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Tips to Overcome Feelings of “Cold Feet” at the Wedding

The wedding day is approaching and with it the joy and sometimes the panic because it really starts now. The guests are all invited, the flowers and the menu have been ordered, and the dates in the registry office and church are already there; the anticipation of many couples grows with a view to their biggest, most beautiful day, the day of their wedding. But some also feel a little queasy: the well-planned, determined being that blows around the day of the wedding suddenly causes panic in many of those wishing to get married, lets him feel the infamous “cold feet.” And now? What helps with an acute fear of the altar? What helps with “cold feet,” with fear of the altar?

First of all, one should accept the fear. There is no point in forbidding yourself feelings and thoughts anyway. A little panic in front of the altar is a bit normal. Here are tips to deal with cold feet.

Create Distance to Your Own Thoughts

You should get help to better classify your fears. It is recommended to seek a conversation with a person who is completely outside of your own emotional system in order to find the distance you need to sort your doubts. If you do not have such a conversation partner available, you have to try to help yourself somehow and to master the difficult balancing act, to distance yourself from your own thoughts and feelings in order to be able to approach them objectively at all.

For example, sometimes exercise can help you a lot or visit a place that has nothing to do with the wedding. Go to a forest or a park and take some time for you. Observe what your feelings are. A method like this helps to clear your head a bit, clear your thoughts and feelings, a slight distance from to get the first panic attack, which you could then look at a little more objectively. Sometimes to ease yourself, you can also try beard vape as it will help you to overcome anxiety.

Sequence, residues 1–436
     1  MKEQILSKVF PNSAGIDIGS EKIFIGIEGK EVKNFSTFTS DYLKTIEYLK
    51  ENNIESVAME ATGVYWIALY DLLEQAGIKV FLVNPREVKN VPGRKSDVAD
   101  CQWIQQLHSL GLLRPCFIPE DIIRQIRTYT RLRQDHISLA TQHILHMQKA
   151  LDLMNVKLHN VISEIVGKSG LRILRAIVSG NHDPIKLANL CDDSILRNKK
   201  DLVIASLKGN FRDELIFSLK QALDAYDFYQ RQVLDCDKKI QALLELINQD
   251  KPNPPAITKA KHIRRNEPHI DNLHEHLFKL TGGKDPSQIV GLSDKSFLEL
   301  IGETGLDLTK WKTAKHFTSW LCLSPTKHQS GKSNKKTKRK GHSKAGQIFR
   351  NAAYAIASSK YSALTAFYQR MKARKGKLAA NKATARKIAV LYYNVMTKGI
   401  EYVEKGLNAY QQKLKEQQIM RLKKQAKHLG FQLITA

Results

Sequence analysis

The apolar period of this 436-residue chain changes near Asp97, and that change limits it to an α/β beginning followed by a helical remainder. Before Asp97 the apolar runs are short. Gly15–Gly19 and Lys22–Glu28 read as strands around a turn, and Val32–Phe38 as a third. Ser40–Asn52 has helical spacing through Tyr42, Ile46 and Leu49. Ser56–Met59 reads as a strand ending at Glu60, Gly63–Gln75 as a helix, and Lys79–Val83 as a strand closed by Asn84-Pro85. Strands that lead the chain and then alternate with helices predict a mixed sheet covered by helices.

Don’t Break Yourself

We believe that that the fears need not be based on current reality. The more diffuse these fears feel the more certain one can almost be sure that they do not indicate the wrong choice of partner. Rather, it is often about old, childish fears that are now coming up and that it is better to discuss with a therapist in the long term before you make a mistake and take something away and break yourself by canceling the wedding.

If the relationship worked well for years, and if doubts about it actually arise only in connection with the wedding date, one can assume a temporary panic attack in terms of attachment anxiety. This can be appeased by working out so-called “protective measures” with the partner in view of the future.

The ‘I’ Shouldn’t Be Lost in the ‘We’

“The partners can decide, for example, that they always keep their own accounts. That they definitely have their own room in a shared apartment. They definitely have an evening during the week, which they each organize for themselves. That there is still a week of vacation per year without the partner. That they don’t let the marriage contract be drawn up by a couple’s family lawyer, but by a completely neutral lawyer who is objectively opposed to both sides. And that you don’t have to start with children right after the wedding, but that you can take your time.

“I” should not be lost in “we.” Thus, cold feet have a chance to warm up again.